I try to be environmentally conscious. I separate my trash, I send my paper and plastic and cans to recycling and my food scraps for composting. I try to remember to take my reusable bags into the grocery store with me. I reuse dryer sheets. ;)
But I have a dirty secret -- I despise those newfangled light bulbs that are supposedly more energy efficient. Okay, they ARE more energy efficient, unquestionably.
But I think they look awful. :p
Unfortunately, the day is approaching when I'm going to have to start using them for all my lighting needs. As of January 1, 2015, the Canadian government banned the manufacture or import of 60 and 40 watt incandescent light bulbs (75 & 100 watt bulbs were phased out earlier). When I first heard about the ban (pre-2015), I started stocking up on 60-watt bulbs. I still have a bit of a stash, but of course, it's not going to last forever.
We only ever used incandescent bulbs at our old house. Part of me debated replacing them all with CFLs or LEDs before we moved, so that I'd have an even bigger stash to take with me ;) -- but I abandoned that idea when I saw the prices...!
I haven't opened up all the light fixtures in our new condo to inspect the bulbs, but I can tell just from the quality of the light they give that they do not use incandescents (not to mention that the condo was completed right around the time the ban came into place). I thought these newer bulbs were supposed to last longer than incandescents -- decades, even -- but recently, not just one but BOTH bulbs in our en suite bathroom fixture burned out, one after the other. (Our building is less than two years old; I'm assuming the bulbs were installed when the lighting fixtures were.) When we opened up the fixture, we saw that it used those twisty-style compact fluorescent bulbs -- which contain mercury and require special disposal at a hazardous waste depot (!). (Not to mention that you're supposed to turn off your heating/ventilating system, open a window -- which we don't have in this bathroom -- and vacate the premises for several hours if you break one. Yikes!!) We couldn't even figure out how to remove them -- they would only unscrew so far, and we were afraid of forcing and breaking them, for the reasons listed above. Thankfully, handyman BIL came to the rescue with two new LED bulbs (which cost a whopping $42!!!)(taxes included, but still...!!). He showed us how to unscrew the bulb a half-turn and then pop it out. Apparently some of these newer fixtures and bulbs do not screw in like the old incandescents -- they have little plug-like knobs on the bottom. Who knew??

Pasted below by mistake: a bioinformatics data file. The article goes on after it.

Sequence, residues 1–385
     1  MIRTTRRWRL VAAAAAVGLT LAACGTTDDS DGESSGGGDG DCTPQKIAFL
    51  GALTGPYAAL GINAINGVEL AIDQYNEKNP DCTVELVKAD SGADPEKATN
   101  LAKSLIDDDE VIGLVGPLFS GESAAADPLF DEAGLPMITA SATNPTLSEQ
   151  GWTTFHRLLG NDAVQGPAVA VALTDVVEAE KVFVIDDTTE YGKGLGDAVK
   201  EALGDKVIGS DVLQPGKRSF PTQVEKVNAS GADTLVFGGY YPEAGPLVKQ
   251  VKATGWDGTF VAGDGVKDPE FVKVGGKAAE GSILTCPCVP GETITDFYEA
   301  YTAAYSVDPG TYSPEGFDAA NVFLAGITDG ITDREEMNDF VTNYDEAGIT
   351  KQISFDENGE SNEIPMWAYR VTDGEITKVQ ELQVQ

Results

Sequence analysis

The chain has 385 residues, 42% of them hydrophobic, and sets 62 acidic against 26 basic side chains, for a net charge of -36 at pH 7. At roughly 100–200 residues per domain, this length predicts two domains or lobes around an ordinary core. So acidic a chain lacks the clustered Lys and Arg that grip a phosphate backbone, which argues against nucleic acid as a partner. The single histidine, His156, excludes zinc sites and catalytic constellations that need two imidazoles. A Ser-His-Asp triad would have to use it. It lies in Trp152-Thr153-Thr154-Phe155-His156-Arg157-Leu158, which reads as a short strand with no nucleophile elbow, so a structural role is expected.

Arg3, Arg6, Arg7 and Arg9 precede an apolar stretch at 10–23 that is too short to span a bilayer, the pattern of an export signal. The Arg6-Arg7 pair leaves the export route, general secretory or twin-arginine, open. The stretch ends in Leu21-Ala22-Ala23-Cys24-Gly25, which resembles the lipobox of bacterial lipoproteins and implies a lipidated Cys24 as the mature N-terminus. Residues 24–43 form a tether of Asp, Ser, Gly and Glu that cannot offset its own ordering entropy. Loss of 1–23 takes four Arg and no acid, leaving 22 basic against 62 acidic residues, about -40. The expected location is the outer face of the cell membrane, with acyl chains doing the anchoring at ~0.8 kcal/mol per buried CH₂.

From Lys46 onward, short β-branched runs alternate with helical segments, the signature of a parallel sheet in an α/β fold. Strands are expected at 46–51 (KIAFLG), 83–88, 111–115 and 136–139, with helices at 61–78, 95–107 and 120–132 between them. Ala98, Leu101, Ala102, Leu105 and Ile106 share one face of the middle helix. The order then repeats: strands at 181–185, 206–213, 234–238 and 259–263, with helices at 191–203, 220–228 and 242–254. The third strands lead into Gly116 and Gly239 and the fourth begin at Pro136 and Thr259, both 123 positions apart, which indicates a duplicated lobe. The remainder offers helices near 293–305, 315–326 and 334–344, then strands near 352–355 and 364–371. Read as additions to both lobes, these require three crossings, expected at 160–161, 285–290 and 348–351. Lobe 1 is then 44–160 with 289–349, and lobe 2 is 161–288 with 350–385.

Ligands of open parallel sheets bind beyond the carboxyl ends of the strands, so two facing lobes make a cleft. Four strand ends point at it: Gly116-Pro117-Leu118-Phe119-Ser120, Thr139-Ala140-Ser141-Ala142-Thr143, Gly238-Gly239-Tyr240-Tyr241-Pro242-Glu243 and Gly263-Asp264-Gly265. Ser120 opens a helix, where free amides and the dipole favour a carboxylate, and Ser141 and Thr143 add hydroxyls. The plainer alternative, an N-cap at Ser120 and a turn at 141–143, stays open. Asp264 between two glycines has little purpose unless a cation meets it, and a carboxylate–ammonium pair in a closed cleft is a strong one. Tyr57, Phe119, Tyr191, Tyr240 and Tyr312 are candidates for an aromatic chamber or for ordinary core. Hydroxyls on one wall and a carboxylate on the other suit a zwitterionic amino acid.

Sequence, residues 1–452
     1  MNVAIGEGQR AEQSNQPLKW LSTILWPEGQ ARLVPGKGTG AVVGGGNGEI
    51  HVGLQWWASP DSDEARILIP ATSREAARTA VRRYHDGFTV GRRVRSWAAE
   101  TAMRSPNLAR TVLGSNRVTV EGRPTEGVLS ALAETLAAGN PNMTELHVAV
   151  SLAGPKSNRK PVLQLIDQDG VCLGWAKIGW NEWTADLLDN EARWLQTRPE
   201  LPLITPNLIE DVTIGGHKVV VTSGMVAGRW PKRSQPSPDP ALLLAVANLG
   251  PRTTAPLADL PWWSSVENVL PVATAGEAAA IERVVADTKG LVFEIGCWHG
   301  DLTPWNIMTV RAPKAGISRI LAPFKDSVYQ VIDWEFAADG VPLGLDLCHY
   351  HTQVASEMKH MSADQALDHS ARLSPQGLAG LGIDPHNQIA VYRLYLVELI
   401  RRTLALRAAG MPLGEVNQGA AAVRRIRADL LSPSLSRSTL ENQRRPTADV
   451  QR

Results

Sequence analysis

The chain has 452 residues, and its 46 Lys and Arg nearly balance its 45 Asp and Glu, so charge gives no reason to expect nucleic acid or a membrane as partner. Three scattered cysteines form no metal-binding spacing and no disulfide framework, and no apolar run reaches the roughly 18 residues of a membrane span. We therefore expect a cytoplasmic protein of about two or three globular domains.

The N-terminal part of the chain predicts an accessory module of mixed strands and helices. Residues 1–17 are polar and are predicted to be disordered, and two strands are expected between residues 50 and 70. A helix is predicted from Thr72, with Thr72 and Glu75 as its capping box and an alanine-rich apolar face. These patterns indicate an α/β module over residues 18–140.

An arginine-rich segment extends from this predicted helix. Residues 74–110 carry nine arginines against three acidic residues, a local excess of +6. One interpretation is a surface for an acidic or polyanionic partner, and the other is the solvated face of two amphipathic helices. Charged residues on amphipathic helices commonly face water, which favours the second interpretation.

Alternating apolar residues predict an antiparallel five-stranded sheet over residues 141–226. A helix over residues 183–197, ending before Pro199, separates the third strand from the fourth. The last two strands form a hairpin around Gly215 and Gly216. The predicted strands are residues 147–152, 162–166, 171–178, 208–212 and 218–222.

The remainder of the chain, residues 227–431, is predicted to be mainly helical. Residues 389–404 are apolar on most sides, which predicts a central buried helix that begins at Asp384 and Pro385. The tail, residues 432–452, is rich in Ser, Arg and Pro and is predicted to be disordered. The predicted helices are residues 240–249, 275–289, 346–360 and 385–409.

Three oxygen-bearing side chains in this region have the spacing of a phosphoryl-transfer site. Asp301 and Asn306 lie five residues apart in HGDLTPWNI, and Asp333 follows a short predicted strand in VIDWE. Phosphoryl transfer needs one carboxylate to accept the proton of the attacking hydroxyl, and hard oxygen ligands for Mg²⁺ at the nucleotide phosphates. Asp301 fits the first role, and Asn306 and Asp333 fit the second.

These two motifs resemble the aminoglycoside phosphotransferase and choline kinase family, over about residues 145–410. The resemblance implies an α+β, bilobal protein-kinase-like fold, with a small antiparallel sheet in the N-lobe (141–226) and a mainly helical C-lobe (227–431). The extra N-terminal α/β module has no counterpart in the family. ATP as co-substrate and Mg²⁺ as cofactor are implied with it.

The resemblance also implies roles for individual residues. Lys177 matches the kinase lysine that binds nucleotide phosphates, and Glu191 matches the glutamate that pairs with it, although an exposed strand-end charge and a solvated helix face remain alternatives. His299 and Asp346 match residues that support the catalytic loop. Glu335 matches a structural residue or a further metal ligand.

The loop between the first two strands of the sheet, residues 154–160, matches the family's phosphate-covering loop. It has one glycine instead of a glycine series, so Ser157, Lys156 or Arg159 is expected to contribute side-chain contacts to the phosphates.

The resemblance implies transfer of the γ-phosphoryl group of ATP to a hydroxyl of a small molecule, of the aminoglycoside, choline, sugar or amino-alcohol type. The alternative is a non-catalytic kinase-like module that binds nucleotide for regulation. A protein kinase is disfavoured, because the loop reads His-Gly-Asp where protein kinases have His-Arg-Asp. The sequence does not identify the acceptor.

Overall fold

I am saving and using the last of my dwindling stash of incandescents in the table lamps in our bedroom, office and living room. I've been hoping that, in the meantime, the engineers would come up with a better LED or CFL, one that more closely matches the lighting properties of the incandescent bulb. I'm told that the newer bulbs do, but I'm not impressed with what I've seen so far.
(Halogen is another lighting option -- but I bought a halogen desk lamp for my office once -- and almost immediately started having headaches and problems with my vision. I mentioned this to my optometrist and asked if there was a connection. "Get rid of it," was his sharp & immediate response. He told me halogen lighting is the worst for your eyes.)
I know I sound like a crochety old lady. :p Once my stash is gone, I suppose I will have to make the switch. I know it's more energy efficient, better for the planet, and cheaper for our power bills. But I will mourn the last of my incandescent bulbs when they finally burn out. :(